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Lounge Review: Canberra Qantas Business Lounge

Lounge Review: Canberra Qantas Business Lounge

As befits the national capital, Canberra has one of the largest and best organised Business Lounges in the Qantas network. On the Monday after Easter, it was pretty deserted but looked very well maintained a bit like all the public spaces in Canberra.

a staircase with a red sign
Glass doors from the central corridor to the right after security.


When you pass through security, with its body scanners and where you don’t have to unpack your computer and electronic devices, turn right, and follow the signs to the Qantas Lounges. You’ll find some glass doors with a broad staircase and escalators beyond, up one floor. At the top of the stairs, the Business Lounge is directly in front of you, with the Qantas Club lounge around to the right.

a staircase with railings in a building
Staircase to the Lounge – Business entrance straight ahead, Qantas Club Lounge further around to the right.


This lounge holds the combined design language of Qantas Domestic and Qantas International Business lounges. There are remnants and new interpretations of the xxx lounge chairs, plus pale wood floors and dark brown carpet. More contemporary bucket chairs are grouped around circular tables with stainless steel legs, as are slimline lounge chairs. There are both solid chest heights walls and floor to ceiling wooden vertical slat dividers partitioning the space. Stools and higher tables for shorter stays are also dotted around the lounge.

a room with chairs and tables
Inside the entrance to the Canberra Qantas Business Lounge

Pale white ceilings, white-backed glass, and white net curtains complete the look.

The overall look is light, spacious and airy.

a room with a white desk and a white counter

There is a separate desk/work area with access to a printer on the far left of the entrance, opposite the corridor to the bathrooms.

a room with chairs and tables
Fresh coffee, bar, juice, and food options run along the far wall

Food & Drink

To the right of the entrance are the food, bar and cafe area along one wall. Our visit was on Easter Monday morning, a public holiday. Barista made coffee was available along with pots of Bircher muesli, yoghurt and Chia jars, along with bowls of fruit salad and salad with boiled eggs. Orange, tomato and apple juice are available in large cold dispensers, as well as soft drinks (soda’s)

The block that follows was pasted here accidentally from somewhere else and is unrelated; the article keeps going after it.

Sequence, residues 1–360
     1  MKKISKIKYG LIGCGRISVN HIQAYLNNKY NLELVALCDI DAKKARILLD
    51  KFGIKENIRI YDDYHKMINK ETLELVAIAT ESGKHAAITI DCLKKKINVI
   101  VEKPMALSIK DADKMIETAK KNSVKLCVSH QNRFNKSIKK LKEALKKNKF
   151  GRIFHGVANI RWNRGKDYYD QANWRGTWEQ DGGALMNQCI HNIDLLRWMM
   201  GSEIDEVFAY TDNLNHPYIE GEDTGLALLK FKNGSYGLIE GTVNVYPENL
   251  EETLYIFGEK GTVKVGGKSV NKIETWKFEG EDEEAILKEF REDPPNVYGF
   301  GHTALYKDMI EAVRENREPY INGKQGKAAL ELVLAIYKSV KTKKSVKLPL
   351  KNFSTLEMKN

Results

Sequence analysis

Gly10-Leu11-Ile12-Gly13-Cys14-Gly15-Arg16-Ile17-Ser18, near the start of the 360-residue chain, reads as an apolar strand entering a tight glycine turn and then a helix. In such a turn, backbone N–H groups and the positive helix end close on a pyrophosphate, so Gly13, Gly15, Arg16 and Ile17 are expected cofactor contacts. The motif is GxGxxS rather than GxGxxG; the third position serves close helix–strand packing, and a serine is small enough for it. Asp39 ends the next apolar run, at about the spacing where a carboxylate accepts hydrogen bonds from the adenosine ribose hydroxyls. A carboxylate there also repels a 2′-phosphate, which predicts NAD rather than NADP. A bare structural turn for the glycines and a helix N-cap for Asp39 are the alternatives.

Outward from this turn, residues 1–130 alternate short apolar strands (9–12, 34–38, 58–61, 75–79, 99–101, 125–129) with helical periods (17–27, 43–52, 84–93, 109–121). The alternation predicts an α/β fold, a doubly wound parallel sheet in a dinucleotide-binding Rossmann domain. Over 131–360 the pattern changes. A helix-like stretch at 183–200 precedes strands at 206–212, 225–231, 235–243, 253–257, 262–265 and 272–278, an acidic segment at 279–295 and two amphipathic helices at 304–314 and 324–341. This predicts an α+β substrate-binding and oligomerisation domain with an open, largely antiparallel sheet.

a group of bowls of fruit in a row
Cold Breakfast selection

The breakfast selection was pretty much the same I have experienced at the Adelaide and Sydney lounges in the mornings. The only difference of note was the presence of bacon instead of baked beans which seems to be the specialty of the Sydney lounge.

Toast making facilities, as well as a collection of pastries were also available.

food in a buffet with bowls of condiments
Scrambled eggs and bacon with the inevitable tomato sauce


Bathrooms are standard, and well maintained, (compared to Sydney) but lack the floor to ceiling stall dividers present in most other Qantas Business lounges. Amenities are by Aspar.

a room with chairs and a table


This is a very comfortable lounge. I particularly like the number of Marc Newson designed lounge chairs. It’s a good call by current Qantas design head, David Caon to have retained these seats, and updated them. Food and beverage at Qantas lounges has taken a dive in my opinion since Accor took them over. It’s not bad, but its not good either. The evening standard seems to be bolognese sauce and pasta, and a rather awful chicken and sweetcorn soup, (in Sydney) which sits somewhere between China town, and country town.

a room with chairs and tables

2PAXfly Takeout

This is another timely reminder to wear your seatbelt when seated. Holding you close to your seat will protect you from the sort of injuries sustained on this flight, when unsecured passengers flew to the ceiling of the aircraft, and then came crashing down once the ‘drop’ ceased.

The hope will be that this is an anomaly – a ‘freak accident’ in casual parlance. If it is a systemic error either mechanical or electronic, then this is a larger concern for the airlines that fly Boeing Dreamliner 787 aircraft. Let’s hope it isn’t. If it is, it will pile on the woes to Boeing’s existing stack.

This is a great lounge, spacious, light and with plenty of different open and more enclosed intimate spaces. The lounge was fairly quiet and empty when we were there, but I suspect it would still seem open and spacious when more populated. With the amount of business and government people visiting Canberra, I suspect that this lounge can get quite full, especially when parliament is sitting. You won’t see politicians thought, as they will all be sequestered in the much more exclusive Chairman’s Lounge.

The only downside, unlike Melbourne, there are no runway or aircraft spotting views.

If I was back to the period in my career where I spent a day or so each month in Canberra, I would be happy to spend time in this lounge.

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